January 14th 2014 9:26 am
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Canadian (and Canadien) Domination:
The 1950s had been primarily controlled by two teams: the Red Wings and the Canadiens. The ‘60s would be no different, only this time, it was Toronto who shared the decade with Montreal. Of the 10 Stanley Cup series in the decade, all but one were won by a team from Canada. Montreal won five titles, Toronto four and the Chicago Black Hawks won their first Stanley Cup in 23 years when they hoisted the Cup in ’61 – and would not do so again for 49 years. Until 1968, only four teams even played in the Stanley Cup finals: Montreal (who won in ’60 and ’65-’66), Toronto (who won from ’62-’64 and in ’67), Chicago and Detroit (losers in ’61, ’63, ’64 and ’66). Finally, in the last two years of the decade, a new team arrived on the scene, the St. Louis Blues (a new team to the league, as well). However, the Blues could not get past the Canadiens, who finished the decade with back-to-back wins. The Blues were coached by Scotty Bowman, who, when his career was done, would have more Stanley Cup victories than any coach in history with nine (compiled with three different teams, none of them the Blues, who have never won a Stanley Cup).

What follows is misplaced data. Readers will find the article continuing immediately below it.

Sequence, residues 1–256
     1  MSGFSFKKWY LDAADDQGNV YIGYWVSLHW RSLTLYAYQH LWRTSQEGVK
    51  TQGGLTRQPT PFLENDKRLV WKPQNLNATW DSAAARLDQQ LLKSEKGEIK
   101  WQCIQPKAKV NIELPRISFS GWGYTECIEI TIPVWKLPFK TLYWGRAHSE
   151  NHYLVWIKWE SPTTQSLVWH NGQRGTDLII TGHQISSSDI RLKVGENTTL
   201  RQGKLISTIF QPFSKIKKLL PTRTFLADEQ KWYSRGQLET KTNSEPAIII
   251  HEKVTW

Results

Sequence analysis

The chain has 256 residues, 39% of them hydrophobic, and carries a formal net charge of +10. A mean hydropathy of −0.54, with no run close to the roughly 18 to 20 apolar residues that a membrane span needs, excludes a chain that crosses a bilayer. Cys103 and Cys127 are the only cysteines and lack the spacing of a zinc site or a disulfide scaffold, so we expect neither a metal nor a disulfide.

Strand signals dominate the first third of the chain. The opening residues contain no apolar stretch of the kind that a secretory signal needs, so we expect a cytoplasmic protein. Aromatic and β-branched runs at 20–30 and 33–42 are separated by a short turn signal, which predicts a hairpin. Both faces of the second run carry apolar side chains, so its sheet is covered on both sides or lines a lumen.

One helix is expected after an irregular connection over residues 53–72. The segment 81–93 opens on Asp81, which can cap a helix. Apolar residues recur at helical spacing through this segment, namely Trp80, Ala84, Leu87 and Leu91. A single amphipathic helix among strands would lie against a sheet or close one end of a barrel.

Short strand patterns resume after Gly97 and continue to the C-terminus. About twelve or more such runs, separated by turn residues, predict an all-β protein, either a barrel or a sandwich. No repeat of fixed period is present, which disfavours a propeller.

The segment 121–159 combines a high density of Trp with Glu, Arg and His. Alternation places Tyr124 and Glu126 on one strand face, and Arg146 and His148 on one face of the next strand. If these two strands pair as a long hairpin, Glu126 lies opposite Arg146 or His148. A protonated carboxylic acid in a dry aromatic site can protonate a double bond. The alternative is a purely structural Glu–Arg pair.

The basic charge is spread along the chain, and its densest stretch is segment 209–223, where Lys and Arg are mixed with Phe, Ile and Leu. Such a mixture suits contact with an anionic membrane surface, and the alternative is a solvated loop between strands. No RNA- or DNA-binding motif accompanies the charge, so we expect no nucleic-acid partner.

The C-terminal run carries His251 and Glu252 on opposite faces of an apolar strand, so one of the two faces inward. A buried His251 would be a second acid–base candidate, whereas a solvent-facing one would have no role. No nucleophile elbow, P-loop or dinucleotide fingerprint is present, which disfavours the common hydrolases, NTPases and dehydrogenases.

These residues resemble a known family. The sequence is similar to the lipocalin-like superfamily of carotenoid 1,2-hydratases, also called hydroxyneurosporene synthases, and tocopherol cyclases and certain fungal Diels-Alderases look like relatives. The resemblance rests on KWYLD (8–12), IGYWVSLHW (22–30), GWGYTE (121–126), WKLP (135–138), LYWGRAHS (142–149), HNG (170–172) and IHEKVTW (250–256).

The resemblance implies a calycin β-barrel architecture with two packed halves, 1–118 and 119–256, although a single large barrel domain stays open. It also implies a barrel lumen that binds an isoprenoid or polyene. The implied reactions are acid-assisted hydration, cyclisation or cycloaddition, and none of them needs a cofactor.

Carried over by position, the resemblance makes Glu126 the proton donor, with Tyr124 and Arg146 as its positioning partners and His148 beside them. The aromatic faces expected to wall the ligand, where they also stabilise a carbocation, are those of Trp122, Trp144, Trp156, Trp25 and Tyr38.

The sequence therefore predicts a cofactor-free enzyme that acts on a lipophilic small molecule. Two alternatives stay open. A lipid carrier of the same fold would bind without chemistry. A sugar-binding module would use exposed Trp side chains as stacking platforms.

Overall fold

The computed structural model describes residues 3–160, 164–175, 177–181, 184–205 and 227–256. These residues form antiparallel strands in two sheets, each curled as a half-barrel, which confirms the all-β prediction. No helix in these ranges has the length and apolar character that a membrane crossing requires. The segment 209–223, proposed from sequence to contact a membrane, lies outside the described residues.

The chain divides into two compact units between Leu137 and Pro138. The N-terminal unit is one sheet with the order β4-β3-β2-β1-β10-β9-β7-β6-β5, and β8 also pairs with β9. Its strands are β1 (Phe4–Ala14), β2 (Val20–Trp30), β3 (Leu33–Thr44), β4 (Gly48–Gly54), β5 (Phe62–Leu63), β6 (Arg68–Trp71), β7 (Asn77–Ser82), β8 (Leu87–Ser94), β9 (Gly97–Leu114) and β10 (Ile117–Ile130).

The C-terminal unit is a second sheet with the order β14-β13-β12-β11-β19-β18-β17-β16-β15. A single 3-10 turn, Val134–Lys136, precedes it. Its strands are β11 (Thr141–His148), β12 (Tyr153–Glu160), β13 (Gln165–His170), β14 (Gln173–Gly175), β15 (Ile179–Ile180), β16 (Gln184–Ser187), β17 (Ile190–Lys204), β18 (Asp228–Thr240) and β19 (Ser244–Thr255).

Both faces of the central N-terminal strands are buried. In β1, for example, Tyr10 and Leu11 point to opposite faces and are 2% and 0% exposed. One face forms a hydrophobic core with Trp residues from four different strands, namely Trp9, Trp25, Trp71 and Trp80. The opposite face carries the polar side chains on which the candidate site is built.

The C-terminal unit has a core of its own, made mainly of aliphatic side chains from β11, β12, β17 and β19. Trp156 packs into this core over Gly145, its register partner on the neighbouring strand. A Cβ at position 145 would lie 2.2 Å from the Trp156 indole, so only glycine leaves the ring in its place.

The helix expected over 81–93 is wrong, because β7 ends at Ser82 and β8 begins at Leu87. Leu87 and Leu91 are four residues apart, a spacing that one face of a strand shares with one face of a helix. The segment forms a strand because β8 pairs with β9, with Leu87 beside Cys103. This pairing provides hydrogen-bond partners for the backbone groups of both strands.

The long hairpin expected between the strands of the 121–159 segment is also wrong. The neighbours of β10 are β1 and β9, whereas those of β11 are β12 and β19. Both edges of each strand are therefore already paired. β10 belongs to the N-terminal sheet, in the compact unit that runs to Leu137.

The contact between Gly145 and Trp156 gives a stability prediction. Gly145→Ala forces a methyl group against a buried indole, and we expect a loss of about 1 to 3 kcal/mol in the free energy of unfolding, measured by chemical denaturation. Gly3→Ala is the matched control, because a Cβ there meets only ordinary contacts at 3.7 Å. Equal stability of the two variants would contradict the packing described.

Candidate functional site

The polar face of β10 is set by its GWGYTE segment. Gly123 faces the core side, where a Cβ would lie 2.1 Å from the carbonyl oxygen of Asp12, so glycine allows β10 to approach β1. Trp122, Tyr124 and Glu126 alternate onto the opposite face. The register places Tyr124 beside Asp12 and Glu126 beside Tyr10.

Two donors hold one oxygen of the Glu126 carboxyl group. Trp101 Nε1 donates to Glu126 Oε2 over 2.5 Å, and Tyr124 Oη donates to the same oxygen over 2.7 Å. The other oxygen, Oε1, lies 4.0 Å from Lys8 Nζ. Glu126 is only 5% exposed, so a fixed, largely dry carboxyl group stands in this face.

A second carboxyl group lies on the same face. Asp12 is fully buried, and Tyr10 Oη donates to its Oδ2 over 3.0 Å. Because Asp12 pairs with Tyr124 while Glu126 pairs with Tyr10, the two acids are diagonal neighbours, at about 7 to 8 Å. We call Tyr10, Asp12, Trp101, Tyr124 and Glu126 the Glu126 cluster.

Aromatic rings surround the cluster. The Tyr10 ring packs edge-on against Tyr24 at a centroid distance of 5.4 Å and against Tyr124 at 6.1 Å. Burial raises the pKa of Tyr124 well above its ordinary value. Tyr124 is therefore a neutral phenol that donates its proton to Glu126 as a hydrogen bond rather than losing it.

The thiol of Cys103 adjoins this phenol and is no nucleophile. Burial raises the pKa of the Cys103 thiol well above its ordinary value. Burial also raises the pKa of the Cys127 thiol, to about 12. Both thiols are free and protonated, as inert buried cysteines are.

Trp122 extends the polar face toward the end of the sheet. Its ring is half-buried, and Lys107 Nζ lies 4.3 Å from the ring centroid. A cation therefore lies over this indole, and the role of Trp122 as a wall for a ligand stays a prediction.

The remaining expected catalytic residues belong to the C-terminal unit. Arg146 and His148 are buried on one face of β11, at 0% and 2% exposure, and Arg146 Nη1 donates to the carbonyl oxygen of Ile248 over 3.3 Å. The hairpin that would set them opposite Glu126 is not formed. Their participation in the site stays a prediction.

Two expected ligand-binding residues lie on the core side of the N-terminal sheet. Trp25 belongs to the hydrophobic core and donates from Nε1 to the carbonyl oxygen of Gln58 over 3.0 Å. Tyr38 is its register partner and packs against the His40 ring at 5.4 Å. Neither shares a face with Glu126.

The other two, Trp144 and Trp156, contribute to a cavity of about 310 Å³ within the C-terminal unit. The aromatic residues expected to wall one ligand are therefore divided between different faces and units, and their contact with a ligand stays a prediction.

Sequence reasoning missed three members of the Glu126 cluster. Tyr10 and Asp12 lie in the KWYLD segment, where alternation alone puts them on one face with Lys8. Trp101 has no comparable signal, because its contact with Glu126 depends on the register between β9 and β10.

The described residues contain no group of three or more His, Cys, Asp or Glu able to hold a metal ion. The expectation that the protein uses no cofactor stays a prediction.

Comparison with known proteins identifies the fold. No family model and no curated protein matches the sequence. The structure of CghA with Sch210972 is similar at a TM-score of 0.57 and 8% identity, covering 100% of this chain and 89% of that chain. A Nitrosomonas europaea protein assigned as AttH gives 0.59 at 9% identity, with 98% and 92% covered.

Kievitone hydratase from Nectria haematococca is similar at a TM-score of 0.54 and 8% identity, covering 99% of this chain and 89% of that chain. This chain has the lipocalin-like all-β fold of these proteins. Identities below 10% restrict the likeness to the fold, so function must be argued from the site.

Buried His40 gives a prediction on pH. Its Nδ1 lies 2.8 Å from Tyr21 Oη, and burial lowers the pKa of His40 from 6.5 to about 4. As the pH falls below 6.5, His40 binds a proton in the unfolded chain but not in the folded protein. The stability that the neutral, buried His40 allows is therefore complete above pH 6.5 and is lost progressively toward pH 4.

The Maple Leafs, however, enjoyed their success in the ‘60s without a familiar face at the helm: in 1961, Conn Smythe, now 66 years old, decided to sell his shares of the team to his son. His son immediately sold the team and the arena away. Though Smythe stayed on as chairman of the board until 1964, his days of running the team were over. In 1964, upon his retirement, the league awarded a new trophy at the end of the Stanley Cup finals, the Conn Smythe Trophy, to the player voted most valuable in the playoffs.
The St. Louis Blues were not the only new hockey team to appear in the late 1960s; 1967 saw the first large-scale expansion in league history, with the NHL adding six teams to its existing six. The existing six teams (the Montreal Canadiens, Toronto Maple Leafs, Boston Bruins, New York Rangers, Detroit Red Wings and Chicago Black Hawks) were nicknamed the Original Six, a moniker that has stuck to this day. The expansion was spurred by a league that had formed in the 1950s, the Western Hockey League. The WHL, which began in 1952, focused its attention on California, and experienced early success there. The WHL even intended to establish itself as a major league, competing for the Stanley Cup. They never reached that status, and in 1974 went under. However, their success on the West Coast (in addition to the NHL’s desire to cash in on the TV market there) led to NHL expansion.
The six new teams were the Los Angeles Kings, California Seals, Minnesota North Stars, Philadelphia Flyers, Pittsburgh Penguins and St. Louis Blues. The Seals would, in the span of just ten years, change their name to the Oakland Seals, California Golden Seals, Cleveland Barons (after moving to Cleveland) and then merge with the North Stars. The omission of a Canadian team from the expansion caused considerable ire in Canada, made worse by the addition of St. Louis. Vancouver had been considered a strong candidate for expansion, but Montreal and Toronto reportedly didn’t want to share TV revenues. St. Louis hadn’t even put in a bid, but Chicago Black Hawks owner Bill Wirtz owned a stadium in St. Louis, and therefore supported putting a team there. The Blues were easily the most successful expansion team early on, making three straight Stanley Cup finals.